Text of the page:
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Weighty  Issues

Leaves of Stevia rebaudiana have been used as a natural sweetener for more than 1000 years. Credit: govindji/Adobe

Leaves of Stevia rebaudiana have been used as a natural sweetener for more than 1000 years. Credit: govindji/Adobe

By Dave Sammut

Is a switch to artificial sweeteners a smart alternative to sugar?

The full text of this article can be purchased from Informit.

In March 2016, Britain introduced a “sugar tax” to be applied to high-sugar drinks (excluding fruit juices and milk-based drinks). The levy will be based on volumes produced in two total sugar categories: >50–80 g/L and >80 g/L. The most popular cola drinks in Australia, for example, contain at least 106 g/L sugar. During the recent federal election, the Greens again raised a sugar tax as policy.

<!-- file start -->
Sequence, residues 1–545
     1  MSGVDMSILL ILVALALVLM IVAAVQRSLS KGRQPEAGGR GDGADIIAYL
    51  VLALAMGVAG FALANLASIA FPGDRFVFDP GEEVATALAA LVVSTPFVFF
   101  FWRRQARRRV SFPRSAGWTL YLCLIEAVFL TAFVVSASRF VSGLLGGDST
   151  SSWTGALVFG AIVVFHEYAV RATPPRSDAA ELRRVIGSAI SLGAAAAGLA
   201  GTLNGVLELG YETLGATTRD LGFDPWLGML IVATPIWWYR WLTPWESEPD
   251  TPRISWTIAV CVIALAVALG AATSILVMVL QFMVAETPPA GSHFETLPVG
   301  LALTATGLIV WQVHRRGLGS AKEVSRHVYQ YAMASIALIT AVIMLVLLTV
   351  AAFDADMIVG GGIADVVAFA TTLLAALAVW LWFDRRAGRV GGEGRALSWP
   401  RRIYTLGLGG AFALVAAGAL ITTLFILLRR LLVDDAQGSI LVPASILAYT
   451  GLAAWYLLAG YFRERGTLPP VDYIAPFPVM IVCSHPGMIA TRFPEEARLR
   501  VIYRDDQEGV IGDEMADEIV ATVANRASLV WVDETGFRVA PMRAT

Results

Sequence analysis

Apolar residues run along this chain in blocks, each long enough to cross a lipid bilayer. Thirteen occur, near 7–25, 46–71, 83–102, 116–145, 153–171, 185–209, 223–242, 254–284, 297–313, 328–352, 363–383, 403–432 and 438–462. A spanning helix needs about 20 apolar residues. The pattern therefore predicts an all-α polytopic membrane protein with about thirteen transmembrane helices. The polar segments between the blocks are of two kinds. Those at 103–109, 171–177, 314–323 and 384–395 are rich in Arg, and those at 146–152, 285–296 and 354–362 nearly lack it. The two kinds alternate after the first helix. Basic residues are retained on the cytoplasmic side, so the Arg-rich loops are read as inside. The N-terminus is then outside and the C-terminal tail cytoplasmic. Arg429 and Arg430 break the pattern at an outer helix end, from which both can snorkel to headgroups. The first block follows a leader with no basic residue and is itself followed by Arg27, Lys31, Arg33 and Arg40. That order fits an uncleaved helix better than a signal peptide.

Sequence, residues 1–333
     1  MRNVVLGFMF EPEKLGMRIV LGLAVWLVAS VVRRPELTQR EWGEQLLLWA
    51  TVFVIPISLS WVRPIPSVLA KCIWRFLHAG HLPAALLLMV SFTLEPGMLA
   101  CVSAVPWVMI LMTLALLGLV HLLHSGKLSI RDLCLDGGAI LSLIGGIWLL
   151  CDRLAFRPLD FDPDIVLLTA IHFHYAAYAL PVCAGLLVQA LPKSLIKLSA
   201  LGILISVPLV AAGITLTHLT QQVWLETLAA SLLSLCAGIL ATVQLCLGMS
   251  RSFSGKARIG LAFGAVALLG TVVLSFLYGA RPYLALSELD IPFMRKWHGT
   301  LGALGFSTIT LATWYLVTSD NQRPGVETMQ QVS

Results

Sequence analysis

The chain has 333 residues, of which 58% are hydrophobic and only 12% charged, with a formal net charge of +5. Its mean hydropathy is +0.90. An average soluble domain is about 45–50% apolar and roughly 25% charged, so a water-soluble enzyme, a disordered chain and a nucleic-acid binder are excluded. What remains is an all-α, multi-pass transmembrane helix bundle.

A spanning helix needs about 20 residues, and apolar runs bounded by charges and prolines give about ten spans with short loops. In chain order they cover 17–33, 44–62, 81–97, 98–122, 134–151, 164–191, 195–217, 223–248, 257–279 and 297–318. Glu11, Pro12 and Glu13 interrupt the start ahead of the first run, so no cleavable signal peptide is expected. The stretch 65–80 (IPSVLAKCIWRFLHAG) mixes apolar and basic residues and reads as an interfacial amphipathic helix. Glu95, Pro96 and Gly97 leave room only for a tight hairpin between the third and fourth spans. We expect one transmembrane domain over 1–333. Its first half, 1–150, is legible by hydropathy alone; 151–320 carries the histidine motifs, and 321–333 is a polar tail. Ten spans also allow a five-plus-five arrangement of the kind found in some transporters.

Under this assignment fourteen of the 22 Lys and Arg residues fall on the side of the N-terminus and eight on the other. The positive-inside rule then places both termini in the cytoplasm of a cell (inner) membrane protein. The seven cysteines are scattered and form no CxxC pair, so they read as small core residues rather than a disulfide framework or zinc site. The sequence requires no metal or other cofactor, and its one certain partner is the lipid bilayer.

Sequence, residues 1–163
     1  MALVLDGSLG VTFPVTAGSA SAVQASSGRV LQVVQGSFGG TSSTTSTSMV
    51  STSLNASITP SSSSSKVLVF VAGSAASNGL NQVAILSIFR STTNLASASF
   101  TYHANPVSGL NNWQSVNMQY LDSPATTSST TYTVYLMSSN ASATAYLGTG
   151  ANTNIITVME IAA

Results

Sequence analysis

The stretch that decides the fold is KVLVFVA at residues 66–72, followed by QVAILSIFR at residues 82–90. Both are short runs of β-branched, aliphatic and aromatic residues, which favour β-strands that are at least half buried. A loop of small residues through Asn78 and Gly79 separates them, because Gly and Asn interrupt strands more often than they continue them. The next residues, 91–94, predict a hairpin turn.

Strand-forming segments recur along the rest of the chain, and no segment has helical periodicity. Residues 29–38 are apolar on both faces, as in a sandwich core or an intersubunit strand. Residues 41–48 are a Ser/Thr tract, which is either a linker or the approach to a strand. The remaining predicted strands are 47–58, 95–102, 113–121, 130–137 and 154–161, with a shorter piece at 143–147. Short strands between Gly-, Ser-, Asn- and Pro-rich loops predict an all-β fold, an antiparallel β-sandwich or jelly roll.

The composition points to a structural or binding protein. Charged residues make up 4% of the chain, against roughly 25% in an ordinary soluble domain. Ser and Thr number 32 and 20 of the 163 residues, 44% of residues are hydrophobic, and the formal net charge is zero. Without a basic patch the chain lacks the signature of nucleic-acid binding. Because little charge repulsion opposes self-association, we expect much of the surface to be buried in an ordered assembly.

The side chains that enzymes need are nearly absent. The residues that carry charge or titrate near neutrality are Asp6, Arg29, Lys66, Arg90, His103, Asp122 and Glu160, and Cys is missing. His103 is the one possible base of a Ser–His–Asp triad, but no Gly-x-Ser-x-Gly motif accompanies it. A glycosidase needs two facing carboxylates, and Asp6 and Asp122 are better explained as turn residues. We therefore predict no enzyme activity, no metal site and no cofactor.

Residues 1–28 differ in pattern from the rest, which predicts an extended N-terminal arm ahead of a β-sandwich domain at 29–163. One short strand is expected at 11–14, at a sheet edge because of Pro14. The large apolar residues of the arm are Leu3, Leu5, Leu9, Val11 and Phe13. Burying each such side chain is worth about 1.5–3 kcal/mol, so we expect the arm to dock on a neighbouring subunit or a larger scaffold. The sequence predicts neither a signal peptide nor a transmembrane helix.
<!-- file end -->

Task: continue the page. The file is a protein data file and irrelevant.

If sugar taxes hit their target, it may be assumed at least some portion of the consumer base will switch to artificial sweeteners, particularly in the soft drink market.

Obesity is a growing problem in Australia. According to the Australian Institute of Health and Welfare, 63% of adults and 25% of children are overweight or obese. These rates are increasing faster than anywhere else in the world (ab.co/2amR6WO), with Australia already ranked as one of the world’s most obese countries.

A 2013 study published in The Lancet concluded: “Not only is obesity increasing [globally], but no national success stories have been reported in the past 33 years. Urgent global action and leadership is needed to help countries to more effectively intervene.” (bit.ly/2aK6Khw)

However, obesity is a complex issue. The sugar taxes that have been introduced or mooted only address one causal factor. And if artificial sweeteners are one logical alternative to sugar, then do...

The full text of this article can be purchased from Informit.